It would be fair to say that Foursquare has experienced something of a slump in popularity in recent months as the interest surrounding its initial release has ebbed away. However an updated version (Foursquare 3.0), released last week, has propelled the application back into the consciousness of social media users. Should public relations practitioners be taking the application more seriously as its popularity begins to grow?
Foursquare is a social networking service which allows users to check-in at locations using smartphones, sharing information with friends through Facebook and Twitter. One of the main aims of the application is to encourage users to explore their surroundings; recommendations from friends and other users enable the discovery of venues and organisations which may have otherwise been bypassed.
As well as allowing users to check-in at physical locations, Foursquare can also be used to promote brands. Hundreds of brands have 'brand pages' to which users can sign up to receive tips and customised information. From a public relations perspective this provides a unique way to connect and interact with customers and fans.
Users who connect with Windows Live Photo Gallery are challenged to find the best location in their city to take pictures, and share the information with others through Foursquare. The application enables fans and customers to pursue their interest in photography, and encourages them to use Windows Live Photo Gallery to edit, organise and share the photographs that they have taken. Through their brand page Windows Live Photo Gallery are collecting like-minded people, creating a network surrounding their brand; providing the opportunity for brand monitoring and promotion.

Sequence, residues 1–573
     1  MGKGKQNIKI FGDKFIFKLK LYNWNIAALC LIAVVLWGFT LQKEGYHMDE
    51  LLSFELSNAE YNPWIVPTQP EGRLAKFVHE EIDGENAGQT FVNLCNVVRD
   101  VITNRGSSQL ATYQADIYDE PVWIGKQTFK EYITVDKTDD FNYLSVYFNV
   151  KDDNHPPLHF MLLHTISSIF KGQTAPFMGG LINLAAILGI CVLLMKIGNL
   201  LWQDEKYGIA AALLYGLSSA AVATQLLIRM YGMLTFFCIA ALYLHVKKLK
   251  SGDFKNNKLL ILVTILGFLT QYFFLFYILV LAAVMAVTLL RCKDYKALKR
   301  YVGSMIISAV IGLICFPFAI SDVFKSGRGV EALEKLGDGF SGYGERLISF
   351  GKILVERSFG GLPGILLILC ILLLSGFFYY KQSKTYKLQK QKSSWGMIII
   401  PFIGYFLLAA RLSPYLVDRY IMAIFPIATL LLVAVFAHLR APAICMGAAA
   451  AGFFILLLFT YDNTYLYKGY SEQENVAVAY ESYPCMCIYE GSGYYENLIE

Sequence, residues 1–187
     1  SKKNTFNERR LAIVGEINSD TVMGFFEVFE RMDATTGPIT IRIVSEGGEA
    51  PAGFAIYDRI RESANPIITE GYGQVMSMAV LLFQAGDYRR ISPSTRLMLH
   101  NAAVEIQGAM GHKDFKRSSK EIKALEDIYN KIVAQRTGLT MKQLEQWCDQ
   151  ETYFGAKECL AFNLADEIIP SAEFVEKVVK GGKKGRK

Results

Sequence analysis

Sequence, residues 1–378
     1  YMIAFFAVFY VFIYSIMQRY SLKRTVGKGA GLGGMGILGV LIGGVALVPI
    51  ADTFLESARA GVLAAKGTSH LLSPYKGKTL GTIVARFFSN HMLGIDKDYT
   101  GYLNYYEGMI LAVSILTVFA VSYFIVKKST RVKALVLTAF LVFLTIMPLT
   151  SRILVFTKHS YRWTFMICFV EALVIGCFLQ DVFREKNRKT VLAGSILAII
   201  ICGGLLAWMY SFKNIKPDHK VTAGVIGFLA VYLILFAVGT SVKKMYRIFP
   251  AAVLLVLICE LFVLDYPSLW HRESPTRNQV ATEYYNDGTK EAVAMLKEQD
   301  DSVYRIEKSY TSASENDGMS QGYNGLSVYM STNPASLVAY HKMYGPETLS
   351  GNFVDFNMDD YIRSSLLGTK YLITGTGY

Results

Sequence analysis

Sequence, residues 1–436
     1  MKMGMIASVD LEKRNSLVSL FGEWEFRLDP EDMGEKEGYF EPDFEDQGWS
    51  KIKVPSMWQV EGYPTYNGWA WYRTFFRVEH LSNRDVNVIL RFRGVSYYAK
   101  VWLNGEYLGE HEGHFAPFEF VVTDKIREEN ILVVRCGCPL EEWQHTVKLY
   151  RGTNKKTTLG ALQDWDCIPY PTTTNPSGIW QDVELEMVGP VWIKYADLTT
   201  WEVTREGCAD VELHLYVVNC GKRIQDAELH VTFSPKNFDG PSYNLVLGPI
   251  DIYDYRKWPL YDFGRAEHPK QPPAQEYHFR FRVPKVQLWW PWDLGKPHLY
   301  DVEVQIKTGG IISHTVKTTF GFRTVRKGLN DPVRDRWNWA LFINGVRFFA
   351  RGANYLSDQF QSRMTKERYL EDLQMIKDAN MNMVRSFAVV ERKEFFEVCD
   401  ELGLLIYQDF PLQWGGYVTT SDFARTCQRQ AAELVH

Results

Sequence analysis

Dennis Crowley – co-founder of Foursquare
Another example of brands using Foursquare is Louis Vuitton, who use the application to provide fans with tips and information for attractions around London. Users can comment and 'like' the information posted by the brand, providing Louis Vuitton with information on locations frequented by their fans and customers: information which could be exploited by the forward thinking practitioner. Louis Vuitton could, for example, create a 'buzz' by offering an exclusive reward to the user who checks-in to certain locations at specific times throughout the day. An opportunity to use digital media to generate coverage in traditional media outlets.
Foursquare could also be seamlessly incorporated into a PR event, adding a fun and interactive dimension. This could include, for example, special offers for visitors who check in at certain areas of the event.
Although it would appear that Foursquare still has some work to do in capturing the imagination of British users, it seems that an application which provides such potential for creativity, and customer interaction, should not be ignored by PR practitioners.